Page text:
رهبری تحول گرا در خرید: یک مطالعه در عرصه کارکنان
|کد مقاله||سال انتشار||مقاله انگلیسی||ترجمه فارسی||تعداد کلمات|
|19469||2007||20 صفحه PDF||سفارش دهید||10830 کلمه|
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Publisher : Elsevier - Science Direct (الزویر - ساینس دایرکت)
Journal : The Leadership Quarterly, Volume 18, Issue 1, February 2007, Pages 49–68
This field study of employees involved in a major acquisition integration addressed the relationships that leadership and climate had with subordinate acquisition acceptance, performance, and job satisfaction in an uncertain environment. Transformational leadership was positively related to acquisition acceptance, supervisor-rated performance, and job satisfaction (p < .01). Transformational leaders also impacted subordinate outcomes through the perceived climate they created for goal clarity and support for creative thinking. Both goal clarity and support for creative thinking partially mediated the relationship between transformational leadership and job satisfaction (p < .01; N = 447). Goal clarity did not mediate the relationship between transformational leadership and performance, but was positively related to performance (p < .05; N = 344). Support for creative thinking fully mediated the relationship between transformational leadership and acquisition acceptance (p < .01; N = 432). Implications for future research and for managers engaged in acquisition integrations are discussed.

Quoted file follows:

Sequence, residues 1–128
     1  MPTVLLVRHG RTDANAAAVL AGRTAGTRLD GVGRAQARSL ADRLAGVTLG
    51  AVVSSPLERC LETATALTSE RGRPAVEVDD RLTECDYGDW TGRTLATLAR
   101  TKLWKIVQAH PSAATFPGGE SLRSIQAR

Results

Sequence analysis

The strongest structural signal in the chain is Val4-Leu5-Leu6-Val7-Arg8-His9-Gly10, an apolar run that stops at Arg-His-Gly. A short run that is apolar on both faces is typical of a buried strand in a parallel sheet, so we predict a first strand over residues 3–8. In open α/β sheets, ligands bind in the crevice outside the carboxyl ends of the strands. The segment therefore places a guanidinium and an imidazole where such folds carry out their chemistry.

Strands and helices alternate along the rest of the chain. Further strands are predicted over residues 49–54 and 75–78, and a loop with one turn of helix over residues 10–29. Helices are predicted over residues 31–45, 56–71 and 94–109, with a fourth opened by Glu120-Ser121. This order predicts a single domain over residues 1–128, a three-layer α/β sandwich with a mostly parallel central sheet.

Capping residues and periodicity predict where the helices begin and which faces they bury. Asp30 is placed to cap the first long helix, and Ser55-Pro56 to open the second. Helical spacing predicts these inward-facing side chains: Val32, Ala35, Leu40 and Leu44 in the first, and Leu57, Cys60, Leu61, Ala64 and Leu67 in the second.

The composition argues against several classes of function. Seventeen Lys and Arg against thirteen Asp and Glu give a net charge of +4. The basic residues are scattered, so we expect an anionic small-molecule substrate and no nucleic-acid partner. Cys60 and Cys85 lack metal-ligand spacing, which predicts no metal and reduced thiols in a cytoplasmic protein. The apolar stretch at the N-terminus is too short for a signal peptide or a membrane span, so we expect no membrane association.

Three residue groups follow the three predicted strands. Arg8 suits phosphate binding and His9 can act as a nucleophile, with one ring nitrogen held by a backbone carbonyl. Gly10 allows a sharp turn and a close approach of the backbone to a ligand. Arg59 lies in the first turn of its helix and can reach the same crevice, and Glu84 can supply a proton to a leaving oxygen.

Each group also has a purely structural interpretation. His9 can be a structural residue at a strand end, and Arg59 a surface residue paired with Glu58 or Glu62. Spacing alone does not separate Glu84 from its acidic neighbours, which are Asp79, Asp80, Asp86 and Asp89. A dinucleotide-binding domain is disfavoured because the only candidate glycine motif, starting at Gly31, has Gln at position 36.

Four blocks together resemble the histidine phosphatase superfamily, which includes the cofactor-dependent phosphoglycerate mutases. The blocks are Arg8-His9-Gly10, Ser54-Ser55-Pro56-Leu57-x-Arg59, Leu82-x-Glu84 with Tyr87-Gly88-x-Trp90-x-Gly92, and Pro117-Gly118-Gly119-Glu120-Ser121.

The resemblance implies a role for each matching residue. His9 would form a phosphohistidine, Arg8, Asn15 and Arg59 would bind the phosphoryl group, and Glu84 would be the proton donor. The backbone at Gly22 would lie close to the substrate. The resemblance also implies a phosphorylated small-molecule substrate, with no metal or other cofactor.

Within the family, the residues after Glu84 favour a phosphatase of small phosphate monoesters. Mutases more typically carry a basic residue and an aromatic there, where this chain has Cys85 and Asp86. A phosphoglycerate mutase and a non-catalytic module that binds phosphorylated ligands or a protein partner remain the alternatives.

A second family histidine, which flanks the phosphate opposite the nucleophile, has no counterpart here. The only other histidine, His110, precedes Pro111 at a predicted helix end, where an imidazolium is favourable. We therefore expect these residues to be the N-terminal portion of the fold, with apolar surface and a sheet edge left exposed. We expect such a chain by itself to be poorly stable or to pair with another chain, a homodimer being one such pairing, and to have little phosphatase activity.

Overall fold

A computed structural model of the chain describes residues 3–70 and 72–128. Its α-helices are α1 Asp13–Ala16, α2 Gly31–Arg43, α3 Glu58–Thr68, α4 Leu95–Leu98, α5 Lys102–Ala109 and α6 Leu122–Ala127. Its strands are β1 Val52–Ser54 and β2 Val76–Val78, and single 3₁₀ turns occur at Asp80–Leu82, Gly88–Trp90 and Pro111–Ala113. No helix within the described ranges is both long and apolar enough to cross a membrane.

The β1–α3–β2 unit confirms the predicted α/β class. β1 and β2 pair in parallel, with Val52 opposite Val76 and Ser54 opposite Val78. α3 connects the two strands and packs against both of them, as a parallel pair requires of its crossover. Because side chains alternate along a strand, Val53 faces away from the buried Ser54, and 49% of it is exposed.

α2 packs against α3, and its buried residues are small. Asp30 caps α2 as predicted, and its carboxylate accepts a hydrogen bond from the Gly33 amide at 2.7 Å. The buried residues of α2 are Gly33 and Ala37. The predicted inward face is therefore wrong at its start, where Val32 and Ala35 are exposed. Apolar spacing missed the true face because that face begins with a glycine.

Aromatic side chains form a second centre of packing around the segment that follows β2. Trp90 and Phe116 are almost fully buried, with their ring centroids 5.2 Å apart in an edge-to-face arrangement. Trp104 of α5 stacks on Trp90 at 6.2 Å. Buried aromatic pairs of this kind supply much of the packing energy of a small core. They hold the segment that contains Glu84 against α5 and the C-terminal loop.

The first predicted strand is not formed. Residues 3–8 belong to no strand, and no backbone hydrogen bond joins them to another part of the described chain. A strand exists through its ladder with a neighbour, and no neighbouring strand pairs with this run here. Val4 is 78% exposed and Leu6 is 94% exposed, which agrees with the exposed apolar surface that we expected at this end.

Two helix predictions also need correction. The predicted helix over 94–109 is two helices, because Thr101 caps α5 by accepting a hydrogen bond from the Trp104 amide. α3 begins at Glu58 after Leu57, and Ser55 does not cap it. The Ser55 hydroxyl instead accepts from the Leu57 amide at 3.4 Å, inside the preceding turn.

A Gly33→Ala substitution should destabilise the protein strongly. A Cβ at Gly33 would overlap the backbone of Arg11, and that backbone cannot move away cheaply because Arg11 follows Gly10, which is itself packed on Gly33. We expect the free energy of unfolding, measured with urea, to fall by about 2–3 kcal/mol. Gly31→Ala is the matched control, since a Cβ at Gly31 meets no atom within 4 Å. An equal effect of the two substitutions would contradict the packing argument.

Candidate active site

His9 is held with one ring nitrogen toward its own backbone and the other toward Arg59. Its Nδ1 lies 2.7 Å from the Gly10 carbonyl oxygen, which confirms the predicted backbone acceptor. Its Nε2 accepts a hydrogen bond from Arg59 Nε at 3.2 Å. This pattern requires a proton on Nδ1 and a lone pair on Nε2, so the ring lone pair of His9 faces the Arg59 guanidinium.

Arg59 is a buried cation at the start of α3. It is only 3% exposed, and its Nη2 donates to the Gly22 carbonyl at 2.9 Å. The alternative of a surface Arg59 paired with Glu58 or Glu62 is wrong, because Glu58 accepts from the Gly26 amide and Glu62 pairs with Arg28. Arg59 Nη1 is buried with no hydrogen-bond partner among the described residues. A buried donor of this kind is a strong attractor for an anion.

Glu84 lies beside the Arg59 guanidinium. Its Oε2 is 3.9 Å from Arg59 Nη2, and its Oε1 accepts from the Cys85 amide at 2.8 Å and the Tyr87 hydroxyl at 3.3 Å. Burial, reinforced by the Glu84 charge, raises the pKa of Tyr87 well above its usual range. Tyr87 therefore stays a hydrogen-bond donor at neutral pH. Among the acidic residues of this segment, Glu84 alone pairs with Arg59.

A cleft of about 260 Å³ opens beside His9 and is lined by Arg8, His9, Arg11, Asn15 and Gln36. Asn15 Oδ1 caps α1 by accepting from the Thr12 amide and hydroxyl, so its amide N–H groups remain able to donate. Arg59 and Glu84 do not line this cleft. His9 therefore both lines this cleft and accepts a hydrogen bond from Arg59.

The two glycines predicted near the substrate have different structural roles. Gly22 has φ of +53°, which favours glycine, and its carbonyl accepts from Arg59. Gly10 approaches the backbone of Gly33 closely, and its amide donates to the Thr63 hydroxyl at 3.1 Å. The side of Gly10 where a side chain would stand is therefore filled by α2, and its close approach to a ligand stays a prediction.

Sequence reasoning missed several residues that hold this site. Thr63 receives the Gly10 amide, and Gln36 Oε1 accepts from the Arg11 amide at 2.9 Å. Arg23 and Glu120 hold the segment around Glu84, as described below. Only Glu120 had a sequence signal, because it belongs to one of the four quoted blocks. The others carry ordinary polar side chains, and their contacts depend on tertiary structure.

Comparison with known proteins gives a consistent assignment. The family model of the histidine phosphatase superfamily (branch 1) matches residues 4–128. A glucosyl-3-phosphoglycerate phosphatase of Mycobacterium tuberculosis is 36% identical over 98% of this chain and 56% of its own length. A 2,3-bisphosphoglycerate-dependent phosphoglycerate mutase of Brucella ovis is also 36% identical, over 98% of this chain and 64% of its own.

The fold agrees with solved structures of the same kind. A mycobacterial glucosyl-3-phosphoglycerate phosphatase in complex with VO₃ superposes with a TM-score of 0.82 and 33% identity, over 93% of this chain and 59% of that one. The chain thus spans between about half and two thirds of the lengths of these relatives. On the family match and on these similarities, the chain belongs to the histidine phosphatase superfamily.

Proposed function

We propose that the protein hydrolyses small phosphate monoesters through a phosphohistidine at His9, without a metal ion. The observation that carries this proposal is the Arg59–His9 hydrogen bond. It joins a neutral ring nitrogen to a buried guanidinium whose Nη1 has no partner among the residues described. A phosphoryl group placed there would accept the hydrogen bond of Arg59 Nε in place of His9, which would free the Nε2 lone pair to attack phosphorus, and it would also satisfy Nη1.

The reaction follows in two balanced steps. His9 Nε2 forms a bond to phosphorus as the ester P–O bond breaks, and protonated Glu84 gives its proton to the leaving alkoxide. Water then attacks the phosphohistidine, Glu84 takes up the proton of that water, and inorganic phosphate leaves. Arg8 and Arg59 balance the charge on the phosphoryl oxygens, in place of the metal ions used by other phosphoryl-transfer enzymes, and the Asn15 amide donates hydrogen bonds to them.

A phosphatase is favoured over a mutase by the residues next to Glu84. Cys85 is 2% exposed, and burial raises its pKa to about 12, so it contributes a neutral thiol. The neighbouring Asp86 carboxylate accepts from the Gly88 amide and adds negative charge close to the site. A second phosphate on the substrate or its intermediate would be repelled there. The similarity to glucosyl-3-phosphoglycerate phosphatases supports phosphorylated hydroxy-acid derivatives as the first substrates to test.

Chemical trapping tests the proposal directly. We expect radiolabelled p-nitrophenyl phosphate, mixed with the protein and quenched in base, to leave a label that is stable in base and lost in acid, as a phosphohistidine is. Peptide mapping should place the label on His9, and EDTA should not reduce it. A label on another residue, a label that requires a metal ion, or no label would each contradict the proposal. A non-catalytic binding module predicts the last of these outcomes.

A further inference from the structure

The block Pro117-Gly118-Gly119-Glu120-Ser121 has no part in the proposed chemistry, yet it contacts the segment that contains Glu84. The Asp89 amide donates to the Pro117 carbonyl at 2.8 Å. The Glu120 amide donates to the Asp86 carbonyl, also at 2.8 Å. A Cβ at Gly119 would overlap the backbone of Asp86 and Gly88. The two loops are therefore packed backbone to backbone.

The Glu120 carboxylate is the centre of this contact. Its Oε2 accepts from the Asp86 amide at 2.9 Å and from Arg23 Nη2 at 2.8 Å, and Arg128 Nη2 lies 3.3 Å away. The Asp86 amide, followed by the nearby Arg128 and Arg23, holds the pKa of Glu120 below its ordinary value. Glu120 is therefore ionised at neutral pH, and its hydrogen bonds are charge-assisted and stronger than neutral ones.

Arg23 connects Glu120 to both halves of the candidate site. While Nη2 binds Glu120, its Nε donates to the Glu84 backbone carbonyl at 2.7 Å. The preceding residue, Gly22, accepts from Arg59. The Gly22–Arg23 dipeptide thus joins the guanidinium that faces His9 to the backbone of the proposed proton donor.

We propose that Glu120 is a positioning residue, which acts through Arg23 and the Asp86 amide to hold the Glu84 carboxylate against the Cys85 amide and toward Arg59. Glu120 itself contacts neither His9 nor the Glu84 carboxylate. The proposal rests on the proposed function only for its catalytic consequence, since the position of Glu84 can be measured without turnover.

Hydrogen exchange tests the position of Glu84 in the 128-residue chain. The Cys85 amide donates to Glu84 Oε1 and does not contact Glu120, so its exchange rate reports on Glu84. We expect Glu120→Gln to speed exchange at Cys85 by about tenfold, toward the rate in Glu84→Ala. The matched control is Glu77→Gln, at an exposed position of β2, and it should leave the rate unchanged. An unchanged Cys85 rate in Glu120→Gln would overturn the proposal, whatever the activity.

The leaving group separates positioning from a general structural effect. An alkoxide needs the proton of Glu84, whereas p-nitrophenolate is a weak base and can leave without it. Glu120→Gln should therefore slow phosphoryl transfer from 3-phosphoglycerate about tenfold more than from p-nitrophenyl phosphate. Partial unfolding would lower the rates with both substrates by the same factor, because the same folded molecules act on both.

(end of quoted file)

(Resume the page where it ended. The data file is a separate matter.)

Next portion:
Successfully managing employee attitudes and performance during an acquisition integration is vital because employees can choose to: leave the firm or remain, hold onto critical operational knowledge or share it, and raise their productivity level or become distracted by disruptions (Buono and Bowditch, 1989, Marks and Mirvis, 1992 and Ranft and Lord, 2000). Acquisition integrations call upon employees to accelerate their productivity to manage routine job responsibilities, plus take on the additional tasks necessary to transition from two organizations to one. Yet resistance to changes in routines and uncertainty about responsibilities can reduce job performance at a critical time. Cultural changes and degradation of status can cause social identity issues that lead to frustration and anger about the acquisition and reduced job satisfaction (Hambrick and Cannella, 1993 and Hogg and Terry, 2000). Unless managed successfully, these employee-level outcomes of an acquisition can manifest themselves at the firm level as an exodus of talent, tardiness, absenteeism, lower productivity, reduced customer satisfaction, less innovation, and ultimately reduced economic benefits from the acquisition (Buono and Bowditch, 1989, Ernst and Vitt, 2000, Hambrick and Cannella, 1993, Nygaard and Dahlstrom, 2002 and Schweiger and DeNisi, 1991). Bass (1985) set out a model of situational antecedents for transformational leadership and reiterated the importance of contextual antecedents in later work (Bass, 1998 and Bass et al., 2003). In this model, transformational leadership is particularly effective in environments characterized by change, uncertainty, and distress, such as acquisition integrations (Bass, 1998, House and Aditya, 1997, Waldman et al., 2001 and Yukl and Howell, 1999). Transformational leaders are essentially change agents; they visualize a future different than the status quo and inspire subordinates to work with them to achieve that new future (Vera & Crossan, 2004). In an acquisition integration, transformational leadership behaviors play a critical role in helping subordinates to accept that a bright future lies in an integration of the two organizations. By inspiring employees to work toward that future, moreover, they motivate employees to maintain their job satisfaction and performance despite the uncertainty and anxiety of the integration process. Our study makes an important empirical contribution to the transformational leadership literature because few studies have been conducted outside of stable environments to investigate the effects of transformational leaders on employees during organizational change (Bass, Avolio, Jung & Berson, 2003). The present study addresses this gap by answering this research question: In an acquisition integration, does transformational leadership have a beneficial relationship with employee acquisition acceptance, performance, and job satisfaction? Another gap in the transformational leadership literature is that it offers few insights into the mechanisms by which these effects take place (House and Aditya, 1997 and Yukl, 2002). Some recent research has focused on understanding better how transformational leaders affect subordinate outcomes by looking at mediating mechanisms (Avolio et al., 2004, Jung and Avolio, 2000, MacKensie et al., 2001, Pillai et al., 1999 and Zhu et al., 2005). In one study, transformational leaders indirectly affected subordinate safety behaviors through the type of climate they created (Barling, Loughlin, & Kelloway, 2002). We extend this work on climate as a mediating mechanism between transformational leadership and employee outcomes by analyzing the indirect use of transformational leadership behaviors during periods of rapid change to create climates emphasizing goal clarity and support for creative thinking. These climates have the potential to further mitigate the effects of uncertainty and change during acquisition integrations. By creating a climate emphasizing goal clarity, transformational leaders can alleviate ambiguity and thereby help employees to achieve their objectives. Transformational leaders also may promote a climate of creativity, thereby opening employees' minds to new ways of thinking and enabling them to better understand the need for change. Hence, our second research question is: Does transformational leadership also have an indirect relationship with employee acquisition acceptance, performance, and job satisfaction through the mediating mechanism of creating a climate that individuals perceive as providing goal clarity and supporting creative thinking?